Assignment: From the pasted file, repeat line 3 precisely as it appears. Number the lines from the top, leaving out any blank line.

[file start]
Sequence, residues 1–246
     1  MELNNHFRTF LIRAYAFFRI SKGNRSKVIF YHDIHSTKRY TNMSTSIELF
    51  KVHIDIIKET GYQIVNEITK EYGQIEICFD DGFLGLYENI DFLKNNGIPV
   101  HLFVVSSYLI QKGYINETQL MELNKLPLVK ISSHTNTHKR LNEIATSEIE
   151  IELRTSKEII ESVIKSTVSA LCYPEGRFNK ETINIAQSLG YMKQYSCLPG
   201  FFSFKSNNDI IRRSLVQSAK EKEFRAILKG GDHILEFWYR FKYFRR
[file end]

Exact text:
    51  KVHIDIIKET GYQIVNEITK EYGQIEICFD DGFLGLYENI DFLKNNGIPV